Watershed Emergency Response Team Report
The WERT found that twenty-two (22) percent of the fire burned at moderate to high soil burn severity, whereas the remaining portion of the fire (78%) burned at low or very low/unburned soil burn severity. Past discussions with Soil Scientists from the United States Forest Service have indicated that soils with higher clay content tend to have less heat penetration than sandier soils (personal communication, Brad Rust and Dave Young, USFS Soil Scientists). This may play a part in the lower soil burn severities observed in the Hennessey Fire, as soils in these areas generally have a relatively high clay content.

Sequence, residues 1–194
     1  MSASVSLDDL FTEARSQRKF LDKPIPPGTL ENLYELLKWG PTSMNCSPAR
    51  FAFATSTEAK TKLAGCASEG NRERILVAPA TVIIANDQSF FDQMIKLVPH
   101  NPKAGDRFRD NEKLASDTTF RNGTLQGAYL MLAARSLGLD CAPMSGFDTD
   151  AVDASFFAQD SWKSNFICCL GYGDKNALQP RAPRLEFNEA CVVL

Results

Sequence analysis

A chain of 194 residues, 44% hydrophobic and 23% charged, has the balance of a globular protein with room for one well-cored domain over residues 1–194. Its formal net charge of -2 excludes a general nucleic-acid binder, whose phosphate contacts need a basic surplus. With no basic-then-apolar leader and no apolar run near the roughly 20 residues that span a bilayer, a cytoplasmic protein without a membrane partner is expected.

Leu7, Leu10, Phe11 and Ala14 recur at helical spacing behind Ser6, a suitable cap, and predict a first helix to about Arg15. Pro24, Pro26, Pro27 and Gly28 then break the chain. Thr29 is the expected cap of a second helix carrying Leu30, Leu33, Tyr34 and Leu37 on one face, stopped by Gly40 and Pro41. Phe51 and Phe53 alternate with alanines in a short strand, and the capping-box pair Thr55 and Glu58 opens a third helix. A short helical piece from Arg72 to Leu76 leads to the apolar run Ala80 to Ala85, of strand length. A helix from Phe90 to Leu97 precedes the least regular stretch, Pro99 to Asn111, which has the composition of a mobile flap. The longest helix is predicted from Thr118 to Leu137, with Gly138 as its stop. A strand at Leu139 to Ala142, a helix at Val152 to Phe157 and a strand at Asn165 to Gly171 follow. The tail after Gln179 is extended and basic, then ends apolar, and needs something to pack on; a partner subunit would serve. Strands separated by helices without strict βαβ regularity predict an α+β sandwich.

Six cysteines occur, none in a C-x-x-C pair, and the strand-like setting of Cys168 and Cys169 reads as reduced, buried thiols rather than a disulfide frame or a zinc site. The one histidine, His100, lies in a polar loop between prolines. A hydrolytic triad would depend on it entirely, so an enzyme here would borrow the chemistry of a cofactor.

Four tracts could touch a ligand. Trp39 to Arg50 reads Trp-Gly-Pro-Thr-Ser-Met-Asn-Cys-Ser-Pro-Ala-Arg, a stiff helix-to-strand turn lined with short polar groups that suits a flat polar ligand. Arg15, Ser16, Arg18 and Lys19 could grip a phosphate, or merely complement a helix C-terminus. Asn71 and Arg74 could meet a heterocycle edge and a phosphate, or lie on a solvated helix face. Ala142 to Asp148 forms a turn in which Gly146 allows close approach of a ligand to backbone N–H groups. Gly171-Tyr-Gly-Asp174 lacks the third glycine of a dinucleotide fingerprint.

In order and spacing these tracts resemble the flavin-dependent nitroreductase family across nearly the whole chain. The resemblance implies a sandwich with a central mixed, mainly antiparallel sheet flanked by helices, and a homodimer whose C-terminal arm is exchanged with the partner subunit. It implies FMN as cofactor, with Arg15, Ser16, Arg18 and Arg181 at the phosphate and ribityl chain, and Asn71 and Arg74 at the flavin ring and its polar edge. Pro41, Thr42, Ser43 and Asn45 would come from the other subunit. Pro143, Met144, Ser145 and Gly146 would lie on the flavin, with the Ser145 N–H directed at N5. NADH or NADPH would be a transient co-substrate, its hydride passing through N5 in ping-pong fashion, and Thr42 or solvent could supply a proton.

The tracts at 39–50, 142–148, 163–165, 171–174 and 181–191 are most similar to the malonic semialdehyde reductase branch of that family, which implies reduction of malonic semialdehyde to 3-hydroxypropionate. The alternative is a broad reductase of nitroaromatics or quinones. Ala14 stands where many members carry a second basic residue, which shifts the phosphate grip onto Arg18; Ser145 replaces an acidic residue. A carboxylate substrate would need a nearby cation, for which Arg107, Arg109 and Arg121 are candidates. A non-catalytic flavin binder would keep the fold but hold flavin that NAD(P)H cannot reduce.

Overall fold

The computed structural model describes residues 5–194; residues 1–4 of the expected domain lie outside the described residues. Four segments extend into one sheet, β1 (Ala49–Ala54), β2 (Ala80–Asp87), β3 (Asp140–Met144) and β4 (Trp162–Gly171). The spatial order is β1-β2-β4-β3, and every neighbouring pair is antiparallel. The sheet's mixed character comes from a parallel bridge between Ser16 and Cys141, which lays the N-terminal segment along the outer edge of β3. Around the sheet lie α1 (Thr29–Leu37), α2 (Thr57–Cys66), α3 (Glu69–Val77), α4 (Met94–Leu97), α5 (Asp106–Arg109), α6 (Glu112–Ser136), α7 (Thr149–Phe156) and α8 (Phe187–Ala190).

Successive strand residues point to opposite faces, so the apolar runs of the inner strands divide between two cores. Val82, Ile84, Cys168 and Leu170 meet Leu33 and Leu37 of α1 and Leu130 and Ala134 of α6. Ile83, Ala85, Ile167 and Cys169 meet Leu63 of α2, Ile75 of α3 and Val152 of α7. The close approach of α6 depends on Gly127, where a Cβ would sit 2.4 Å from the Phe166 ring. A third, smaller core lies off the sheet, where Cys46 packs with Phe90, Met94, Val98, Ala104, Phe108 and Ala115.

Ninety-six (96) Values-at-Risk (VARs) were identified within and downslope/downstream of the fire. Fifty (50) of the VARs are polygons that encompass several individual structures or extended alignments of road. In general, the majority of VARs are likely to be subject to localized flooding and/or localized potential for debris flows.
The ERMiT post-fire surface erosion model predicts mostly a minimal to moderate increase in the rate of surface erosion across the burned area due to the preponderance of low and very low soil burn severity.